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Fall Awakening


It wouldn’t be fall without pumpkins. Head to Soares Flower Garden Nursery in Falmouth to learn how you can incorporate succulents into your pumpkin decorations. Photo courtesy of Shutterstock

To Miskovsky, one of the most important aspects of preparing now for the spring season is to be in-tune with your own garden, yet this is often easier said than done. Timing is everything when it comes to gardening. Prune too early, the plant dies; don’t clear leaves in the fall, you end up with a fungus-filled yard in the spring.

“The value of having a regular maintenance program is getting things done in a systematic order,” says Gary Murphy, owner of Coy’s Brook Landscaping of Yarmouth Port, “aerations in the fall, using the right amount of fertilization, and putting down lime, which many forget to do.”

Experienced landscapers know exactly when to plant, where to plant and how to plant. If you are already feeling stressed, find the right professional to take the gardening stress off your hands and maybe even teach you a little something along the way.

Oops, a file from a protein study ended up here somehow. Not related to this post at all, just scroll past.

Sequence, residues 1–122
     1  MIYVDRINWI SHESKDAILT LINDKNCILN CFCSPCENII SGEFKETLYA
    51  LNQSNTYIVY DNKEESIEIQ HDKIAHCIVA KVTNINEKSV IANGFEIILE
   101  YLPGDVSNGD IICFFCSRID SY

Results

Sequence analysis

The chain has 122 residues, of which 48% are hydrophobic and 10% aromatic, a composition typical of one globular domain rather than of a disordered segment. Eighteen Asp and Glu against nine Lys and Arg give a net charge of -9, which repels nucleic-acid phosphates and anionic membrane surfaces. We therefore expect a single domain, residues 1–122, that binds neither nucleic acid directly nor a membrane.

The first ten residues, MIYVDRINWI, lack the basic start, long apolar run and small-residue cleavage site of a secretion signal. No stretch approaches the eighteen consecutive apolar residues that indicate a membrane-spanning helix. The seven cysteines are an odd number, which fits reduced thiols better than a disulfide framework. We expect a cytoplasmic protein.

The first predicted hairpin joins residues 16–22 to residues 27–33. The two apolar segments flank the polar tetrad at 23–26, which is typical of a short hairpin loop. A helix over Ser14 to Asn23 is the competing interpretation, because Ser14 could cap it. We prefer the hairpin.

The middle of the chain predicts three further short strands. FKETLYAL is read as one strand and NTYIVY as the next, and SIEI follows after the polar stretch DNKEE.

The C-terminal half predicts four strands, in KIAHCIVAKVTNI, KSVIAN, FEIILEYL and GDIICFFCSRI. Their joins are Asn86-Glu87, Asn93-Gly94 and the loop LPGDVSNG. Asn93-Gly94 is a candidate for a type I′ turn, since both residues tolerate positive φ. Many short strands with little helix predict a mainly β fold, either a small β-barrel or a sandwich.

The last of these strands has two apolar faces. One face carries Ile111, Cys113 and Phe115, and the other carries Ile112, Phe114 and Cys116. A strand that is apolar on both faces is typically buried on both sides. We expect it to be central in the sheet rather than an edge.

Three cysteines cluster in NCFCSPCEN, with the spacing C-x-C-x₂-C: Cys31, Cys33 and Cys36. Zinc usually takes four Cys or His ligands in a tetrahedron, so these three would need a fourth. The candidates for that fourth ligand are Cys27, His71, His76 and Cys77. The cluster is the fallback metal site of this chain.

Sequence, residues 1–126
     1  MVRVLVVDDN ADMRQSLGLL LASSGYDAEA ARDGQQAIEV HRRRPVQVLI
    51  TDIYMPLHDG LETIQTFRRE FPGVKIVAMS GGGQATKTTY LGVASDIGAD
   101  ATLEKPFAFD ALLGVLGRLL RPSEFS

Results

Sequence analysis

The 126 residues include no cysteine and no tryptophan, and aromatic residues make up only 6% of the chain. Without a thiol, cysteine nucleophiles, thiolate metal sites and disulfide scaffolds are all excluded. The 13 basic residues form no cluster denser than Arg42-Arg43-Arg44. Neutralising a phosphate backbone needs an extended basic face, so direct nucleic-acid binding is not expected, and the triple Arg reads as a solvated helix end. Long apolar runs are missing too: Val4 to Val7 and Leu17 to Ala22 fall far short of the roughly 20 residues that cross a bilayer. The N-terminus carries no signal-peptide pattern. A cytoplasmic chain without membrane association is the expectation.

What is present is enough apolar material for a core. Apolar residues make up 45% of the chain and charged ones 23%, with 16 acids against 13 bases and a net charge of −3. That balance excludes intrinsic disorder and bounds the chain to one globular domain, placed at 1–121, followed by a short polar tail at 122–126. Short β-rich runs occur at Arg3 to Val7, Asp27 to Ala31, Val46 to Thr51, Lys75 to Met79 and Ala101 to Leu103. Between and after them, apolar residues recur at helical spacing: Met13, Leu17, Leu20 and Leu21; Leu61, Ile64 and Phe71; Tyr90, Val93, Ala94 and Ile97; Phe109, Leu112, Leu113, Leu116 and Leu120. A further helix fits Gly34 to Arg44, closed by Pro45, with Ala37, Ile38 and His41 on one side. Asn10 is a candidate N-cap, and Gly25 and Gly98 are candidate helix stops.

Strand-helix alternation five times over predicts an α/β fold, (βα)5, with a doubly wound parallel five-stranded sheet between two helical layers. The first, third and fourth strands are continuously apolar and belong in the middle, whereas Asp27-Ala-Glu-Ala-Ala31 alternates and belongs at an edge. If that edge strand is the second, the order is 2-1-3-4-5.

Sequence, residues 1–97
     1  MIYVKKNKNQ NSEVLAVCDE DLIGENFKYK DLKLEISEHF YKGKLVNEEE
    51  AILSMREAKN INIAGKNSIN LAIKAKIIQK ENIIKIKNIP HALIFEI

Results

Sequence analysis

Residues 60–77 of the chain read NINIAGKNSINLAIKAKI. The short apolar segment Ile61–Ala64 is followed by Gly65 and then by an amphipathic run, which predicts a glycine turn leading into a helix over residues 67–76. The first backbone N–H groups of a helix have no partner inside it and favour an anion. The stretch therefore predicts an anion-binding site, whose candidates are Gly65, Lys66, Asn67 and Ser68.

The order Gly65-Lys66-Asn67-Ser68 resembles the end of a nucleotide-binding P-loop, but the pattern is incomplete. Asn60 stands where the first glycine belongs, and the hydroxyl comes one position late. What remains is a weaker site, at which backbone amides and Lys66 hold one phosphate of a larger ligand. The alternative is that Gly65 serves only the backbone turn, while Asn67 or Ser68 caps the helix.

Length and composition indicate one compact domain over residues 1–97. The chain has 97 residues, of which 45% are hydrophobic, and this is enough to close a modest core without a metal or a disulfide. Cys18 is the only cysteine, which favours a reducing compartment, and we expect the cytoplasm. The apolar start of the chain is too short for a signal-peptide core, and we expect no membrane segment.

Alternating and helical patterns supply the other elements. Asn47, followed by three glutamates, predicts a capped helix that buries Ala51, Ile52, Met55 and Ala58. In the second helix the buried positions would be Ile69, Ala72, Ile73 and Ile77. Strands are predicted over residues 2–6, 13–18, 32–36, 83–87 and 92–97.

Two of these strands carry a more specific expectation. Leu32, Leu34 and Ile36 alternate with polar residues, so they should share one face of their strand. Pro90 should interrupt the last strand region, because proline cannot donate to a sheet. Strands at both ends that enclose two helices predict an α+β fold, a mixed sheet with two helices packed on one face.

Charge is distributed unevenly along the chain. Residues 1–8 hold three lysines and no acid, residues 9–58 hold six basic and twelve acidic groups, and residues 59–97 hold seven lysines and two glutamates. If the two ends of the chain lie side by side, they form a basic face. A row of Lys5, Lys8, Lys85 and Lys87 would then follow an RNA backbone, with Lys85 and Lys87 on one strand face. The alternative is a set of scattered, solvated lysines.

Speaking of timing, when late fall finally makes its debut around Halloween, it’s time to lay your composted soil. This soil can be purchased from local nurseries in the area, but if you are already cleaning up in the early fall season, you can keep the debris and make your own. Christopher explains, “All you need to do is to mix leaves, grass clippings, plant cuttings, coffee grounds, egg shell and any old produce material into a closed container and place outside in a sunny location, and periodically turn the batch of material over. Within a short period of time (usually 6-8 weeks), the material will have composted enough for you to use for your gardening purposes.”

Once your compost has set, and the first frost arrives, Christopher advises that “Before winter sets in, put down a 1-inch layer of leaves and grass clippings over each of your beds followed by a 3-inch layer of mulch. (Bags of compost from your local nursery or town dump can be used if you don’t have the leaves or grass clippings). Your plants will appreciate the extra layer of insulation, and the leaves and grass clippings will compost over the winter months.” Miskovsky adds that the frost on your lawn is also a timely indicator to pull your annuals.

For those who enjoy water gardens in their landscape, Murphy, who notes that Coy’s Brook specializes in this feature, says that it is time to “disconnect the pump to stop water flow, but keep a pathway or opening with a small heater or tubes to the pond so that the ice breaks. Fish run out of oxygen after seven days, therefore a hole or pathway to allow air in is needed to keep an oxygen supply.” Like a pool made for humans, it is important to then take out any lines or UV lights so they don’t freeze over the winter.

And as snow threatens to be the sight you will see for the next few months, Christopher suggests making a map of your spring garden, so when the days get dark, you can be reminded of the bright blooms ahead.

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